I have three different website statistics packages running on my blog – Google Analytics, Statcounter and Feedburner. I figured it’s about time I wrote a review about how I use each one.
Google Analytics is a completely free service, while Statcounter and Feedburner have free versions with paid-for advanced functionality. I use the free versions of each, and find these more than adequate for my needs as a blogger.
At this point I should note that my website runs on WordPress using a bespoke template, so that’s my experience of installing these services. All three were equally simple to install – a small copy and paste into the relevant place in the template.
The Google Analytics script goes into the header, the Statcounter script into the footer, and the Feedburner script goes into the part of a WordPress template that handles post-specific information. I never quite worked out why this was the case for Feedburner, but the installation instructions were pretty clear to follow.
The screenshots below show the “homepage” of each statistics system – the place where basic statistics are presented and from where you can explore further.
Google Analytics:
Google Analytics
In a direct comparison of the range of statistics features available, I’d say Google Analytics appears the most powerful tool. It’s certainly the one I’ve used most to delve into the detail of who’s visiting my site. However this power comes with a price: it’s much more complex to learn to use than Statcounter or Feedburner.
If you’re interested in measuring your site’s conversion performance or tracking different web marketing campaigns, Google Analytics offers a range of bespoke features that allow you to set up and track conversion goals.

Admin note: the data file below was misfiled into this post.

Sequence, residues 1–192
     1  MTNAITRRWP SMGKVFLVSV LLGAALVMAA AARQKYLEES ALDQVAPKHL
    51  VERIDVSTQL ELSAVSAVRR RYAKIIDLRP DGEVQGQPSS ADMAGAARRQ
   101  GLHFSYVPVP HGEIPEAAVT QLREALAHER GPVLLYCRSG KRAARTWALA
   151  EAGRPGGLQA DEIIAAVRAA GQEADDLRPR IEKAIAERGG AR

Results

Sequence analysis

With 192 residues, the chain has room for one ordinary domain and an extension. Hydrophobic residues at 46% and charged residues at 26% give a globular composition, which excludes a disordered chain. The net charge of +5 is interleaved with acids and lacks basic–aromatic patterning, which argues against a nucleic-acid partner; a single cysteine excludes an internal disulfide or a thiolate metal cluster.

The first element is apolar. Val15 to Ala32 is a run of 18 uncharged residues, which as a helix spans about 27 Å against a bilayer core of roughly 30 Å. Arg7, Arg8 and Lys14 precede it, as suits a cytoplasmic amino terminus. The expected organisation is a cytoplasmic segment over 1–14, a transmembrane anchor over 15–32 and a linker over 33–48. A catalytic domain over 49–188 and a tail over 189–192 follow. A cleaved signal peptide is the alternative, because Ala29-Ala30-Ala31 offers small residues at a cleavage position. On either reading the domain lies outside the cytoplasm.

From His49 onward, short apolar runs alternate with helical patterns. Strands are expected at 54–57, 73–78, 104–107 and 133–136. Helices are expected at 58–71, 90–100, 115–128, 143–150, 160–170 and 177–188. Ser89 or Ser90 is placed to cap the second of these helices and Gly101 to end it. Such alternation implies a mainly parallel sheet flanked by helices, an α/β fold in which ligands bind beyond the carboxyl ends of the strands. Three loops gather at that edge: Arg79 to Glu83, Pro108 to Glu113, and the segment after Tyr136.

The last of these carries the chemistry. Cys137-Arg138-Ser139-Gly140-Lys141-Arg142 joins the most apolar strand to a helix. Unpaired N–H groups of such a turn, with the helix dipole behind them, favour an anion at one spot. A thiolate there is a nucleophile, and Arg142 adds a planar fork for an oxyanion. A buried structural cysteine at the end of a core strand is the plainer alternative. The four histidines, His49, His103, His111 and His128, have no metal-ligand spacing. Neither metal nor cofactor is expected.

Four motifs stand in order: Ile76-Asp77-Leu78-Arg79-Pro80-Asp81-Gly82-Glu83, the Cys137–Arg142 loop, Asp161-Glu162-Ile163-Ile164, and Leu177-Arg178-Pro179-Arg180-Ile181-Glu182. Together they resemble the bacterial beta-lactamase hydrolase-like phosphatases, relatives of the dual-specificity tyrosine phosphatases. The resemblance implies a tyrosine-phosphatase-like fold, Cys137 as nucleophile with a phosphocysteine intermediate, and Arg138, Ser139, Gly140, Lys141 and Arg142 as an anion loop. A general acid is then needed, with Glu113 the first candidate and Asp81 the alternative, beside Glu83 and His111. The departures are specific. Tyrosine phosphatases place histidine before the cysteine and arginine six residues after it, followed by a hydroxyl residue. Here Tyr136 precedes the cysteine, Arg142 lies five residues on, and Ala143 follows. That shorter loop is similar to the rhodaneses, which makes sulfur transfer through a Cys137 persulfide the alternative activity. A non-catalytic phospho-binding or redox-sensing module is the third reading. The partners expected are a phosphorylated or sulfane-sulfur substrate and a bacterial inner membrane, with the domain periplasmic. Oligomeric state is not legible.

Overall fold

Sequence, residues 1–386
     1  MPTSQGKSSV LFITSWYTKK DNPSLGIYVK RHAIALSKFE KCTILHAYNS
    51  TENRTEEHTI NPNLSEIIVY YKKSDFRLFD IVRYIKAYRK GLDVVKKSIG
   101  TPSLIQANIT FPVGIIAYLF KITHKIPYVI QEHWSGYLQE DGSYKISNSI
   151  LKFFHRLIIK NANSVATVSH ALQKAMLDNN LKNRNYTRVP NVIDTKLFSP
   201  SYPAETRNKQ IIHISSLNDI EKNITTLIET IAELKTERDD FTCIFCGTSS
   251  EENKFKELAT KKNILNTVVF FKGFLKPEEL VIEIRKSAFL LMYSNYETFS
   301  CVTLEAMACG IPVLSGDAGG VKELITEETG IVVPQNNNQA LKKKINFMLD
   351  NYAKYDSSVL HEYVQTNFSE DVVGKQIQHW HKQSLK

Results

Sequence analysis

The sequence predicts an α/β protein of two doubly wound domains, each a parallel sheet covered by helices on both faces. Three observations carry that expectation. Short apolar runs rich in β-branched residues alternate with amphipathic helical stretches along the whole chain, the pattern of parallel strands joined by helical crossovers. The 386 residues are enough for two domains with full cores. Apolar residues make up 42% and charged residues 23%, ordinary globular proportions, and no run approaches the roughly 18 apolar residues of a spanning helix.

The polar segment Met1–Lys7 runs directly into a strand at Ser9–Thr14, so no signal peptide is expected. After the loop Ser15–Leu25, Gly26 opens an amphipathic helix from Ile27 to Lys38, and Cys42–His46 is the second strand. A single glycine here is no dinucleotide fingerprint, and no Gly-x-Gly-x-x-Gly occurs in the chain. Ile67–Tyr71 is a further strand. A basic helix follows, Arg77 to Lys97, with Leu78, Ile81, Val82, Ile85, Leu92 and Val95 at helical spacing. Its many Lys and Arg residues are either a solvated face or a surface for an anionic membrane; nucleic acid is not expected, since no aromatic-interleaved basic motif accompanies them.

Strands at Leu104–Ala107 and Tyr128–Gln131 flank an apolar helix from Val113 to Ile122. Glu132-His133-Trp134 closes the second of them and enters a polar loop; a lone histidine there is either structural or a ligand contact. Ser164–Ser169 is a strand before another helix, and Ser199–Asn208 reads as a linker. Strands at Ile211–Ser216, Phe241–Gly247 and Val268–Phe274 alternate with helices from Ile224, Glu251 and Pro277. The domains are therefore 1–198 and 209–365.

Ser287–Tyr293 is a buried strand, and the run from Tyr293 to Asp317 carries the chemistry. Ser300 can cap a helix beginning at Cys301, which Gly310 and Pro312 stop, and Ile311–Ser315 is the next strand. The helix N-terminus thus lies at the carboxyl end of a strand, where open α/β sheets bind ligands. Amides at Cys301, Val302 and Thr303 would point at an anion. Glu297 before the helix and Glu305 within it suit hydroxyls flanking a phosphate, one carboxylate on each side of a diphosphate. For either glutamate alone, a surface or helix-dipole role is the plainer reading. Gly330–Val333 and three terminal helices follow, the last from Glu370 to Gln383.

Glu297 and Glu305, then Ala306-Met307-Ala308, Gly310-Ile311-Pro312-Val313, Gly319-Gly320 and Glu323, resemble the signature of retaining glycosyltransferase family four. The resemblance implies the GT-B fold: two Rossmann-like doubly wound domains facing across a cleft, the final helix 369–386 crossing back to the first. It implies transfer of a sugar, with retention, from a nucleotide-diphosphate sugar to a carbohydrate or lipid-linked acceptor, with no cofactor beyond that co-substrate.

For most bloggers though Google Analytics is probably overkill – if you’re like me you probably won’t have the time or inclination to regularly check the detailed reports.
Feedburner presents site statistics very simply, and if you use Feedburner to manage your RSS feeds then you’ll already be familiar with the layout and interface. Feedburner now presents site statistics alongside RSS statistics, which means that if you’re checking your RSS numbers regularly, you can get a quick update on your site visitors in the same place.
However I do find Feedburner’s analysis a bit too simplistic – I like to be able to dig a bit deeper, cut information different ways or compare trends over time. While Feedburner does some of these things, Statcounter does them all.
The beauty of Statcounter is that it’s really quick to check your basic visitor numbers, but it’s equally straightforward to get into the detailed stuff too.
One thing to note: Google Analytics and Statcounter update in real time and allow you to set your timezone – so figures for a particular day are correct for your geographical location. Feedburner doesn’t seem to allow you to localise for your timezone, meaning that days reported aren’t exactly aligned with days in your timezone.
So what’s the best package from the three I’m using? Well, as usual, the answer is “it depends”.
If you’re a marketer interested in sales conversion or web advertising, then Google Analytics is probably for you. If you’re a blogger just wanting a quick insight into visitor numbers then I’d go for Feedburner. If you’re a blogger or owner small to medium website then the Statcounter offering might well hit the mark for you.
Most bloggers I know are obsessed with their traffic statistics – I’m no exception and log in at least once a day to check mine. One disadvantage to all these services is that they don’t offer RSS feeds, so you have to visit the site to check the latest figures.
Steve Rubel points to a new site statistics service called Clicky that does offer RSS feeds for your statistics. I’m going to give that a go over the next few weeks to see how it fares against the other three.